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The Never-Ending War on Drugs: U.S. shifting its goals as narcotraffickers move on to new frontiers

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Colombia was once on the verge of becoming a failed state, racked by narcotrafficking and a long-running insurgency by the guerrilla group known as the FARC. Now the country is poised for newfound stability thanks in large part to more than a decade of effort and billions in American money and military aid. Gino Costa, the former interior minister of Peru, has watched Colombia’s gains with a sense of alarm, because as Colombia’s coca production has been cut by 40 percent since 2000, Peru’s has risen steadily, and the country is close to reclaiming its title as the world’s top producer of coca. “In Spanish we call it an efecto globo,” Costa tells NEWSWEEK. “You press down here, and it goes up in Colombia. You press down in Colombia, it goes up in Peru.”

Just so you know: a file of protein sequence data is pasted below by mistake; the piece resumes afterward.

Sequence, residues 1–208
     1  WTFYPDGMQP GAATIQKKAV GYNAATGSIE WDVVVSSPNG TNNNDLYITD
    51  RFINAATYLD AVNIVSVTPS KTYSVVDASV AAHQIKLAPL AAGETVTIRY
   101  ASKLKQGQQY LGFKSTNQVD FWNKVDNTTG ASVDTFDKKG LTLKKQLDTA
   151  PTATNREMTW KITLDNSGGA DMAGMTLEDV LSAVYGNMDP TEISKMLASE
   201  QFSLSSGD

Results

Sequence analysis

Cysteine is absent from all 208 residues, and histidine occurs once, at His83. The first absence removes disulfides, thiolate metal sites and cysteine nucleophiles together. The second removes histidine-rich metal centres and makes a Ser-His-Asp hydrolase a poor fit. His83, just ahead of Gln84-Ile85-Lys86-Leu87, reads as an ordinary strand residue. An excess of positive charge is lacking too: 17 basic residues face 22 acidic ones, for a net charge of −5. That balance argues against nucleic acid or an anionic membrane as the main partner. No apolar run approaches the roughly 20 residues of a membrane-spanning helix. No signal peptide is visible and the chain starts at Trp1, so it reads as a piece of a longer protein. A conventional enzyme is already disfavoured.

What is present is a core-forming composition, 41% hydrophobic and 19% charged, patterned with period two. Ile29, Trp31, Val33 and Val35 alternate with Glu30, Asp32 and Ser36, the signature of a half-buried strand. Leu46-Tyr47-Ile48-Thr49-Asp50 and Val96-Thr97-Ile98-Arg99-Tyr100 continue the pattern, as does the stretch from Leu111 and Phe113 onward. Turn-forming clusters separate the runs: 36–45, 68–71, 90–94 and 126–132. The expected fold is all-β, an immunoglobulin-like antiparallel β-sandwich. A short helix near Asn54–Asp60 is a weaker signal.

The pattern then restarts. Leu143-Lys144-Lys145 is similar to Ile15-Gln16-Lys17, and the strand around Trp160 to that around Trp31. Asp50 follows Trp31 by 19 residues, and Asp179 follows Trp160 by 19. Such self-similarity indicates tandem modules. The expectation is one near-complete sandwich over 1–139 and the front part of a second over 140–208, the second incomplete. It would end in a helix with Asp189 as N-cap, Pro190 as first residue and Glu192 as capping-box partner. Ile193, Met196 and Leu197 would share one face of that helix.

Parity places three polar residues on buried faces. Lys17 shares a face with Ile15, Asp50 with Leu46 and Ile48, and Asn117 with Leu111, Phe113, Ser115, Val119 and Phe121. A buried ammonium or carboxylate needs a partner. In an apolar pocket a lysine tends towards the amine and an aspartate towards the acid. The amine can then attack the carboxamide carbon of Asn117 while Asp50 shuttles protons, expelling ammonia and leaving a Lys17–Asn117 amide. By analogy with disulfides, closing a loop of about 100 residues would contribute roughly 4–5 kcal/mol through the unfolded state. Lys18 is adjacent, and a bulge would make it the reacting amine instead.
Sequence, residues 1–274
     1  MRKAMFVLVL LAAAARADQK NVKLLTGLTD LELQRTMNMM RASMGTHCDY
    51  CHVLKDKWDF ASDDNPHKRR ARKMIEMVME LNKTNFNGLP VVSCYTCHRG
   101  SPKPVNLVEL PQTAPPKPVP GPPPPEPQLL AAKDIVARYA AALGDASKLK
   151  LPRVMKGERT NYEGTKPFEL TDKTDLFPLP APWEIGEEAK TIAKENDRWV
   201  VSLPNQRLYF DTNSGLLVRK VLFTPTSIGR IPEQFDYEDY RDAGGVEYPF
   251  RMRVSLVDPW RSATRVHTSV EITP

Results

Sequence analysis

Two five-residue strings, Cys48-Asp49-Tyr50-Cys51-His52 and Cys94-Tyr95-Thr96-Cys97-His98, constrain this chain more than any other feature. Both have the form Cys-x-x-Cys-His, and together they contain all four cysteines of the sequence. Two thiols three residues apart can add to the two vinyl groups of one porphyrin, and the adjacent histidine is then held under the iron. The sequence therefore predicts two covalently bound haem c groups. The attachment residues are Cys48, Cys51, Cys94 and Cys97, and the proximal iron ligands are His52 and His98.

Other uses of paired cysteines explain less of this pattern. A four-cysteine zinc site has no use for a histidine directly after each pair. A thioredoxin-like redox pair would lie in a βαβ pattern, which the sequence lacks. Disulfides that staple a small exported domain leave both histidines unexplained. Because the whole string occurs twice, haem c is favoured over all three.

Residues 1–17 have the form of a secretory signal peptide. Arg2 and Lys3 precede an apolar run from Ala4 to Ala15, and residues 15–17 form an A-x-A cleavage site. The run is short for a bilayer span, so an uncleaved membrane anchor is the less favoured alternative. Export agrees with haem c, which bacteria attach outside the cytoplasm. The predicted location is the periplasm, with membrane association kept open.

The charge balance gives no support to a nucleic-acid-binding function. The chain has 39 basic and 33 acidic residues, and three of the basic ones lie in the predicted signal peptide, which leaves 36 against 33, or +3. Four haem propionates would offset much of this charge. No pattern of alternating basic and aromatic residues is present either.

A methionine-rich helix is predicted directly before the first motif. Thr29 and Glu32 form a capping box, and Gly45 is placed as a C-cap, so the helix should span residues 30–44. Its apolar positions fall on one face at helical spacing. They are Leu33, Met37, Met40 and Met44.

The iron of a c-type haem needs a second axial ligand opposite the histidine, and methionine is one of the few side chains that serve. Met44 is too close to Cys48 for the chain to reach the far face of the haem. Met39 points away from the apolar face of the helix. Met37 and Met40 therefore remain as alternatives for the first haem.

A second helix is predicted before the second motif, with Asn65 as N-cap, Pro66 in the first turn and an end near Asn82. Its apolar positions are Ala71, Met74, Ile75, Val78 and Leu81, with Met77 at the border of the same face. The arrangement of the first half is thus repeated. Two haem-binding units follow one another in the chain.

That drug-related balloon effect has swept through the Andes since the 1970s, when the Nixon administration first began chemical air raids over coca fields in Peru and Bolivia, pushing the problem into Colombia. ...

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